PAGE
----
• Validated clinical decision ruleb
Meta-analysis of randomized controlled trials (RCT)
  • Other data from proficiency testing chemes
  • Well designed peer-reviewed studies (e.g., method comparisons, validation studies)
  • Expert panel reviewed FDA summaries
  • Well designed case-control studies
  • A single randomized controlled trial
  • Less well designed peer-reviewed studies
  • Lower quality case-control and cross-sectional studies
  • Unvalidated clinical decision ruleb
  • Controlled trial without randomization
  • Cohort or case-control study
  • Unpublished and/or non-peer reviewed research, clinical laboratory, or manufacturer data
  • Studies on performance of the same basic methodology, but used to test for a different target
  • Case Series
  • Unpublished and/or non-peer reviewed research, clinical laboratory or manufacturer data
  • Consensus guidelines
  • Expert opinion
  • Case Series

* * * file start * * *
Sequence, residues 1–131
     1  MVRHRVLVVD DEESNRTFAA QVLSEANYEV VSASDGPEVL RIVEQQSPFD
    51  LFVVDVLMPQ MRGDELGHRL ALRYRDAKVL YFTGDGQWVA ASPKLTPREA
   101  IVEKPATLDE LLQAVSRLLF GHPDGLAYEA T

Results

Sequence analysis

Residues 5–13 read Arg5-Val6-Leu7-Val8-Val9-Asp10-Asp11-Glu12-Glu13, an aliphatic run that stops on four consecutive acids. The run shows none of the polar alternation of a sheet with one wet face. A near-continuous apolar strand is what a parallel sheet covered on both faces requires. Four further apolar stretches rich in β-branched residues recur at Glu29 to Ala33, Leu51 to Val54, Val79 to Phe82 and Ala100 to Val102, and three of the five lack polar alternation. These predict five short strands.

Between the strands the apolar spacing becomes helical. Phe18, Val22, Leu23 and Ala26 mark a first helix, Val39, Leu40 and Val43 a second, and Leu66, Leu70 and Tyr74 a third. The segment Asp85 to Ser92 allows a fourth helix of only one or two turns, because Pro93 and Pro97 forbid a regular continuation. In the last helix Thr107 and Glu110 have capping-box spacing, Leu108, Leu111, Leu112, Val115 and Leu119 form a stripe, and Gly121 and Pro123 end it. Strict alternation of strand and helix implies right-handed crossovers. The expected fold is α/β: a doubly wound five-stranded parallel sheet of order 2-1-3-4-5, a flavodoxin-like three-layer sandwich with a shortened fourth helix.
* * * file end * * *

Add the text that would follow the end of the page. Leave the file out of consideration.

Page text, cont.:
• Unpublished and/or non-peer reviewed studies
  • Clinical laboratory or manufacturer data
  • Consensus guidelines
  • Expert opinion

aHighest level is 1.

bA clinical decision rule is an algorithm leading to result categorization. It can also be defined as a clinical tool that quantifies the contributions made by different variables (e.g., test result, family history) in order to determine classification/interpretation of a test result (e.g., for diagnosis, prognosis, therapeutic response) in situations requiring complex decision-making.

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Table 5: Recommendation Classification

This table demonstrates the possible recommendations derived from the evaluation of the evidence components, the overall level of certainty of net health benefits, and contextual factors.
Level of Certainty Recommendation
High or Moderate Recommend for . . .
. . . if the magnitude of net benefit is substantial, moderate, or small, unless additional considerations warrant caution.Recommend against . . .
. . . if the magnitude of net benefit is zero or there are net harms.
Low Insufficient evidence . . .
. . . if the evidence for clinical utility or clinical validity is insufficient in quantity or quality to support conclusions or make a recommendation.

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Page last reviewed: October 21, 2011 (archived document)